Merck Foundation and African First Ladies marking World Cancer Day 2023 through 110 scholarships of Oncology Fellowships in 25 countriesRead more Supporting women leaders and aspirants to unleash their potentialRead more Fake medicines kill almost 500,000 sub-Saharan Africans a year: United Nations Office on Drugs and Crime (UNODC) reportRead more Climate crisis and migration: Greta Thunberg supports International Organization for Migration (IOM) over ‘life and death’ issueRead more United Nations (UN) Convenes Lake Chad Countries, Amid Growing Regional CrisisRead more 11 Disruptive Startups Selected for Cohort 3 of the Africa Startup Initiative Program (ASIP) Accelerator Program powered by Startupbootcamp AfricaRead more Africa Data Centres breaks ground on new Sameer facility in NairobiRead more Coffee with a human face: A union that improves livelihoods for Ugandan farmersRead more Trends Predicted to drive the retail industry in 2023Read more Vantage Capital exits Pétro IvoireRead more

US Coast Guard finds one body in search for dozens after boat capsizes

show caption
Vessels of the US Coast Guard Sector Miami were deployed to search for 39 people reported missing after a boat capsized off the Florida coast./AFP
Print Friendly and PDF

Jan 27, 2022 - 07:19 AM

MIAMI — US Coast Guard crews searching for 39 people reported missing when a boat capsized off the coast of Florida have found one body so far in a race against time to find survivors, officials said Wednesday.

“We did recover one deceased body… and we continue to search for other survivors,” said Coast Guard captain Jo-Ann Burdian.

The boat left Bimini in the Bahamas on Saturday and capsized after hitting rough seas 45 miles (65 kilometers) east of the city of Fort Pierce, said Burdian.

She said the failed journey was considered a suspected human smuggling venture, as it took place along a route commonly used for such clandestine trips from the Bahamas to the United States.

Burdian said time is of the essence in the search, as those lost would be trying to survive in cold water without supplies and exposed to the sun and sea.

“Every moment that passes, it becomes much more dire and unlikely that anyone can survive,” said Burdian.

The Coast Guard sounded the alarm Tuesday morning after receiving a report from a commercial boat that had rescued a man clinging to a capsized vessel.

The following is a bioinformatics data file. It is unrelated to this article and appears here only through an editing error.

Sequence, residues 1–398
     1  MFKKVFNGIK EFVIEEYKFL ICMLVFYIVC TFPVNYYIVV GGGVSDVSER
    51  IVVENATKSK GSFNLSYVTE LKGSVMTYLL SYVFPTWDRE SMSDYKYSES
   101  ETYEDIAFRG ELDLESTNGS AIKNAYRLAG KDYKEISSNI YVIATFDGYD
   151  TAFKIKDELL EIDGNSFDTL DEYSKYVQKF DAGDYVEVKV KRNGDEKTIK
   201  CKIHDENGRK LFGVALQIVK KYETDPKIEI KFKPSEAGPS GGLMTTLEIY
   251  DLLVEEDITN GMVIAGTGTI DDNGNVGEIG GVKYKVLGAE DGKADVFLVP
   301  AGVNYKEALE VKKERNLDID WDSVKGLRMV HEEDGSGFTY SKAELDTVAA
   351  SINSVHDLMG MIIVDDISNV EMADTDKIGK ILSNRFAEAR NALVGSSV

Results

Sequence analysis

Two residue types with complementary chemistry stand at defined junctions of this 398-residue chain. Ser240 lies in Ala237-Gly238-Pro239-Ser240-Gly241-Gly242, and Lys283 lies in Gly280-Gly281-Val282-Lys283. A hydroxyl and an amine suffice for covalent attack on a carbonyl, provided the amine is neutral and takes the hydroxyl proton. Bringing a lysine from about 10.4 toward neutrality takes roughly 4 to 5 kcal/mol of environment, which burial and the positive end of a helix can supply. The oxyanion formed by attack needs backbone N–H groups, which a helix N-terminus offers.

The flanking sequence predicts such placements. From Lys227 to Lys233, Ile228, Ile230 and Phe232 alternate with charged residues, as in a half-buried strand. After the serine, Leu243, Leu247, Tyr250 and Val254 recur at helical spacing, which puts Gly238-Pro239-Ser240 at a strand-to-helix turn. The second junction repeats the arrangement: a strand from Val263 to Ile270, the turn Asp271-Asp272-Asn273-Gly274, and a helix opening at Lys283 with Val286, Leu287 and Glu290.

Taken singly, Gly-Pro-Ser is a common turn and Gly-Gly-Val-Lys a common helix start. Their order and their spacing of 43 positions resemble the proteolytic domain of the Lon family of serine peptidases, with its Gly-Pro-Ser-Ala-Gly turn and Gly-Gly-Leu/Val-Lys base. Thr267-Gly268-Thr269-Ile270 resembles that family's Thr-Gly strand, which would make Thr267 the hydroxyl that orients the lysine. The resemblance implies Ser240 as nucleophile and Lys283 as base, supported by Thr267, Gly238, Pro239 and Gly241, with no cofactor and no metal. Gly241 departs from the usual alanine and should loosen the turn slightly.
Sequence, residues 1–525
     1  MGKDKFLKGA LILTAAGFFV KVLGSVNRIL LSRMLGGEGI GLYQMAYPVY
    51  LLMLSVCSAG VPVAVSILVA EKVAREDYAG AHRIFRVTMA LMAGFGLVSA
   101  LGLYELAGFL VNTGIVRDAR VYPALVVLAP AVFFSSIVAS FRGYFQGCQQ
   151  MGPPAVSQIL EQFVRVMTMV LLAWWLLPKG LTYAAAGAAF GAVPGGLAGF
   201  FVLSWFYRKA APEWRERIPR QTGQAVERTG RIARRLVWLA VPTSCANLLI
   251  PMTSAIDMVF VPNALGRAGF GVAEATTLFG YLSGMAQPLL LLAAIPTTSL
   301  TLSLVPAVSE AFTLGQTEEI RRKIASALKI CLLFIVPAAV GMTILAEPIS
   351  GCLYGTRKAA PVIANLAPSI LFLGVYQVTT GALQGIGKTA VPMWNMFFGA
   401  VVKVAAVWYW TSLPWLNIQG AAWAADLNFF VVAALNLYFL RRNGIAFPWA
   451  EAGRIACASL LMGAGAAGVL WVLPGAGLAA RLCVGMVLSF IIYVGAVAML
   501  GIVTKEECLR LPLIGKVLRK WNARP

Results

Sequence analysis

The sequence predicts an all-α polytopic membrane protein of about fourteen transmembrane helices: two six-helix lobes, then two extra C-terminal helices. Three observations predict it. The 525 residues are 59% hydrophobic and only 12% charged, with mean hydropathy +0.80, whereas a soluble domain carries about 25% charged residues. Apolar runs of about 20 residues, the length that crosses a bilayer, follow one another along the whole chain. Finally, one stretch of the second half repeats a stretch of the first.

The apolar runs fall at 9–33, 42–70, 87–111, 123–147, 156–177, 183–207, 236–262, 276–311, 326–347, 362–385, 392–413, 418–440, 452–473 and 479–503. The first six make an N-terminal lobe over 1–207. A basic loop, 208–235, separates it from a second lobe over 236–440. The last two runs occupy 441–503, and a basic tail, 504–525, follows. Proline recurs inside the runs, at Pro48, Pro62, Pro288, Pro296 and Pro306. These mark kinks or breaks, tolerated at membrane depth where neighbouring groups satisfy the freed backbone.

The survivor, now on land and in stable condition, said there were 39 other people on the boat, and no one was wearing a life jacket.

Search conditions Wednesday were good, and a plane taking part in search operations spotted a debris field, which is being investigated in hope of finding more bodies or survivors, Burdian said.

After sundown, the Coast Guard said the search would continue through the night.

Human smugglers are known to use the Bahamas — a group of islands near the Florida coast — as a jumping off point for getting people, many from other Caribbean countries such as Haiti, into the United States.

Bimini, the westernmost district of the Bahamas and its closest point to the mainland, is approximately 130 miles from Fort Pierce Inlet.

‘Hazardous voyages’ 

Late Tuesday night, the Coast Guard intercepted a sail freighter packed with 191 people, reportedly all Haitian, 40 miles southwest of Great Inagua in the Bahamas, “due to safety of life at sea concerns.”

“The Coast Guard maintains a persistent presence patrolling the waters around Haiti, the Dominican Republic, Cuba, Puerto Rico and the Bahamas, to help prevent loss of life on the high seas,” said Lt. David Steele, Coast Guard liaison officer at the US in Embassy Haiti in a statement.

“These grossly overloaded vessels operate without proper safety equipment and are not built for these hazardous voyages.”

On Friday, 32 people were rescued after a boat capsized some five miles west of Bimini in another suspected human smuggling attempt, according to the US Coast Guard and the Royal Bahamas Defence Force.

“Navigating the seas in overloaded and less than seaworthy vessels is extremely dangerous and can result in loss of life,” it warned.

Spikes in the number of people trying to reach the United States from the Caribbean have accompanied upheavals in the region.

US authorities noted an increase in migration from Cuba by sea in late 2021. In July, the country saw scores of demonstrations triggered by economic strife, medical and food shortages and anger at the government.

  • bio
  • twitter
  • facebook
  • latest posts

MAORANDCITIES.COM uses both Facebook and Disqus comment systems to make it easier for you to contribute. We encourage all readers to share their views on our articles and blog posts. All comments should be relevant to the topic. By posting, you agree to our Privacy Policy. We are committed to maintaining a lively but civil forum for discussion, so we ask you to avoid personal attacks, name-calling, foul language or other inappropriate behavior. Please keep your comments relevant and respectful. By leaving the ‘Post to Facebook’ box selected – when using Facebook comment system – your comment will be published to your Facebook profile in addition to the space below. If you encounter a comment that is abusive, click the “X” in the upper right corner of the Facebook comment box to report spam or abuse. You can also email us.